Glimpses of Solar light
Ramallah sunset : A minaret is silhouetted as the sun sets over the West Bank city of Ramallah. (AFP/Abbas Momani)
Northern lights dance across the sky near Palmer, Alaska, Wednesday, Nov. 22, 2006. (AP Photo/Bob Martinson)
See More spectacular pictures of
Into the LIGHT
Rehearsal in Seville : Mares perform during a rehearsal of Sicab 2006, the International Horse Show of Spain, in Seville. (AFP/Cristina Quicler)
Where visible light cannot travel thru
Six years after its construction began, the CNGS facility at CERN has sent its first batch of neutrinos 732 km to Gran Sasso in Italy in a highly successful commissioning run.
The CERN Neutrinos to Gran Sasso (CNGS) facility was built to create a neutrino beam to search for oscillations between muon-neutrinos and tau-neutrinos. An intense, almost 100% pure beam of muon-neutrinos is produced at CERN in the direction of the Laboratorio Nazionale del Gran Sasso (LNGS), almost 732 km away in Italy . There, the OPERA experiment (see CERN Courier November 2006 p24) is being constructed to find interactions of tau-neutrinos among those of other neutrinos.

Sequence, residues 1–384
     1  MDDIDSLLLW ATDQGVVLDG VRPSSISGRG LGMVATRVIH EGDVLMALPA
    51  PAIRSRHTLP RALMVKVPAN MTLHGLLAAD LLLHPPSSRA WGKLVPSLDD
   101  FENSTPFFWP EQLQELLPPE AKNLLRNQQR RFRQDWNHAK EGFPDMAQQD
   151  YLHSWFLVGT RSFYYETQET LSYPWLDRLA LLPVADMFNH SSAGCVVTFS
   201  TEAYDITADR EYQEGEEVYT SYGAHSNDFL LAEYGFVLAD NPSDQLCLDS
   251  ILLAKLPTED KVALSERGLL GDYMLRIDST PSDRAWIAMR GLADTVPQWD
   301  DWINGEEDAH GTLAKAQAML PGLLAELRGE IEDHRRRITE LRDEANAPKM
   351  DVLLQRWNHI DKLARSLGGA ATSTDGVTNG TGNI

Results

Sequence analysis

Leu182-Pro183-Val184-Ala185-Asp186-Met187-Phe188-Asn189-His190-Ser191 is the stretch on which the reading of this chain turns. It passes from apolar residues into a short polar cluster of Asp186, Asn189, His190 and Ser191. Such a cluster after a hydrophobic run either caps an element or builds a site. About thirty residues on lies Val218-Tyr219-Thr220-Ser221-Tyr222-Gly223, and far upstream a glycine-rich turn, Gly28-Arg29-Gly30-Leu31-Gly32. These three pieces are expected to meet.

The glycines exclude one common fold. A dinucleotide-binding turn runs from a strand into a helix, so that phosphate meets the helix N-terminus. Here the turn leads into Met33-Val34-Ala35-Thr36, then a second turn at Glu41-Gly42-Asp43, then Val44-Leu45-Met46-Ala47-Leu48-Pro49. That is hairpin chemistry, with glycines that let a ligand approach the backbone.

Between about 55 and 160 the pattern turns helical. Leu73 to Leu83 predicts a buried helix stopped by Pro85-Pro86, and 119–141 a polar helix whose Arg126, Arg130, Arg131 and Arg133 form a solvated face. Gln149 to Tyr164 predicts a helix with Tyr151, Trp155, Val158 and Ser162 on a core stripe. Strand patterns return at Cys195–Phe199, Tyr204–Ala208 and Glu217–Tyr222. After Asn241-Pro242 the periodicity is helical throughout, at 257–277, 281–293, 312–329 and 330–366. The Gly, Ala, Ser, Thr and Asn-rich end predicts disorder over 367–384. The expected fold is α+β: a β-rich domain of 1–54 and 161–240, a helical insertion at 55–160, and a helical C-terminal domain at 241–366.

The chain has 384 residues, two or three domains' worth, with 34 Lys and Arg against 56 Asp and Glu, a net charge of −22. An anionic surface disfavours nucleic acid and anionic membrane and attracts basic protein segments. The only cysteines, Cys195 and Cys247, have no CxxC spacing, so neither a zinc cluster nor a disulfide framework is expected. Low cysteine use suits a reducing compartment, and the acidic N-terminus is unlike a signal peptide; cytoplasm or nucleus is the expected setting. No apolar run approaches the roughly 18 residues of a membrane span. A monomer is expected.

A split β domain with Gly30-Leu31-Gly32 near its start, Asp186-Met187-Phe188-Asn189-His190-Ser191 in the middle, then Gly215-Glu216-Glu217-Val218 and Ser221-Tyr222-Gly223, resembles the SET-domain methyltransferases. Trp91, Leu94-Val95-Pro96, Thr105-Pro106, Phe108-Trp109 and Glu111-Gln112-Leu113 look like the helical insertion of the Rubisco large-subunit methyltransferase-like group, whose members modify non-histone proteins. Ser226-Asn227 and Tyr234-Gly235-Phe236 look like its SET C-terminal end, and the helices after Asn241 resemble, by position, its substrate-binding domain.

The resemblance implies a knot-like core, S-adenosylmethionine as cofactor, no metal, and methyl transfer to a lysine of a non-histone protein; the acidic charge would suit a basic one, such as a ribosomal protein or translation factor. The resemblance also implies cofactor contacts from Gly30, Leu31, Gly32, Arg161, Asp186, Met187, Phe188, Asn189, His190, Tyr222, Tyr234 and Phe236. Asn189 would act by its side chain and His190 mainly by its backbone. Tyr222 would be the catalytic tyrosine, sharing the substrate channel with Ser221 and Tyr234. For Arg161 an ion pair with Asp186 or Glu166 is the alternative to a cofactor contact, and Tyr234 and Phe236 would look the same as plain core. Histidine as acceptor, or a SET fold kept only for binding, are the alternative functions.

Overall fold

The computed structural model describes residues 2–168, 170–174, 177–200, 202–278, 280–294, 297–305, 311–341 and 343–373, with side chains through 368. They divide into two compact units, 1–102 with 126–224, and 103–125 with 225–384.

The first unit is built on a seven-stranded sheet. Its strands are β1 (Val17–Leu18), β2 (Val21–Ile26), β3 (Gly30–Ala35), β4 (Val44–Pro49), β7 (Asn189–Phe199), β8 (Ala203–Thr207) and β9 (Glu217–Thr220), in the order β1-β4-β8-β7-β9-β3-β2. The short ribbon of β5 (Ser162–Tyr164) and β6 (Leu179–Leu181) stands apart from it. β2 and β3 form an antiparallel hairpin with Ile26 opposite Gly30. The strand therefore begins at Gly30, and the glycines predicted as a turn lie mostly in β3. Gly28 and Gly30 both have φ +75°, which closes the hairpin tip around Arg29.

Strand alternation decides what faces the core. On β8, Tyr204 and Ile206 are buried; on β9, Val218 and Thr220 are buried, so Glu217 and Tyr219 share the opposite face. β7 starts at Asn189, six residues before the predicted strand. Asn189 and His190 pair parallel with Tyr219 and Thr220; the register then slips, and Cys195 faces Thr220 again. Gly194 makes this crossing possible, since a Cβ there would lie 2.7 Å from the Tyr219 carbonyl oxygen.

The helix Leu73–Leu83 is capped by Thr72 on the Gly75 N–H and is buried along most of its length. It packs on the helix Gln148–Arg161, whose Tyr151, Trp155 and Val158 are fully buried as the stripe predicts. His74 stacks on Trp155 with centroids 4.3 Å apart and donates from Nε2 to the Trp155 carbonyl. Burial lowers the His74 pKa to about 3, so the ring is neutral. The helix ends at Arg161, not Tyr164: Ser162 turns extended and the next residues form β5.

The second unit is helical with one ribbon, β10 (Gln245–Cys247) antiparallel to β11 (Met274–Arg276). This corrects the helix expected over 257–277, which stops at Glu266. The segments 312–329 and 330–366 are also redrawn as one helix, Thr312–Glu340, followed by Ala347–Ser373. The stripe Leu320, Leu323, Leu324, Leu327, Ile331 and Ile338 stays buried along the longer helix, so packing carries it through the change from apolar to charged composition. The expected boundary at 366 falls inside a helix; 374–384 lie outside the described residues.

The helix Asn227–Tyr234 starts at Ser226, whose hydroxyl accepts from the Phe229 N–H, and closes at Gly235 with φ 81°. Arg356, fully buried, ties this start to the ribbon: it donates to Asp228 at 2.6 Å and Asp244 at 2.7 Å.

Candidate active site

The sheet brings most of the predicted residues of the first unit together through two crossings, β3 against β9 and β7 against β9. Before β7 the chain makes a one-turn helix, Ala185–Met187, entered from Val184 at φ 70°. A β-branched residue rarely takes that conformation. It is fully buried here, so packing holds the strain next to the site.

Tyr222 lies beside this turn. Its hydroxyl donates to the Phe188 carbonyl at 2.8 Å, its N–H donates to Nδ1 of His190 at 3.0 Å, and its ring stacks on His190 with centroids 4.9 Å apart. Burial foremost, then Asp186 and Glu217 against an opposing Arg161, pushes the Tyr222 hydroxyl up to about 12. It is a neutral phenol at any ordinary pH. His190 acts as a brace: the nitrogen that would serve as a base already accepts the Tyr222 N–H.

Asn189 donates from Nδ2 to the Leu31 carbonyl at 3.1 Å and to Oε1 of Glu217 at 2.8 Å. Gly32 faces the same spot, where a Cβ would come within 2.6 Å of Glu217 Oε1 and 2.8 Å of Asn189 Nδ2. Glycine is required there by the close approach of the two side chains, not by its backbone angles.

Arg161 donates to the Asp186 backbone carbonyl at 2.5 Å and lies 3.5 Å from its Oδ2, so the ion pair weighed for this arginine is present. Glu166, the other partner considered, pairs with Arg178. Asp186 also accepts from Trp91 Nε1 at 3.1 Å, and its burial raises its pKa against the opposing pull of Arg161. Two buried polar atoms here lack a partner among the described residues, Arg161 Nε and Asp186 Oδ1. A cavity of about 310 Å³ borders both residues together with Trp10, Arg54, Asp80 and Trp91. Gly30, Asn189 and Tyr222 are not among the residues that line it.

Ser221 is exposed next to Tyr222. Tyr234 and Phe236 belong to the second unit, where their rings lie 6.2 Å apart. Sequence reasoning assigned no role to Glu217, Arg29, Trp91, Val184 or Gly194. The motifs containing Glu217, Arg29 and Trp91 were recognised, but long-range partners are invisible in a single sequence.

The production of the CNGS beam of muon-neutrinos follows the "classic" scheme that was first used in the 1960s at Brookhaven and CERN, and has been refined ever since. An intense proton beam from CERN's Super Proton Synchrotron (SPS) is sent to strike a target, in this case graphite. Protons that interact with nuclei in the target produce many particles, mostly unwanted, but including positively charged pions and kaons – mesons that decay naturally into pairs of muons and muon-neutrinos.
Two magnetic lenses – the horn and the reflector – collect these mesons within a selected momentum range and focus them into a parallel beam towards LNGS. After a decay tube nearly 1 km long, all the hadrons – i.e. protons that have not interacted in the target, pions and kaons that have not yet decayed, and so on – are absorbed in a hadron stopper; only neutrinos and muons can traverse this solid block of graphite and iron.
The muons, which are ultimately absorbed downstream in around 500 m of rock, are measured first in two detector stations. Only the neutrinos are left to travel onwards through the top layer of the Earth's crust towards LNGS.
Konrad Elsener, Edda Gschwendtner and Malika Meddahi @ CERN courier
The neutrino is of scientific interest because it can make an exceptional probe for environments that are typically concealed from the standpoint of other observation techniques, such as optical and radio observation.
[+/-] Click here to expand
Neutrinos for beginners & Icecream by Sabine Hossenfelder
Tunnelling in Faster than Light by Plato @ Dialogues of Eide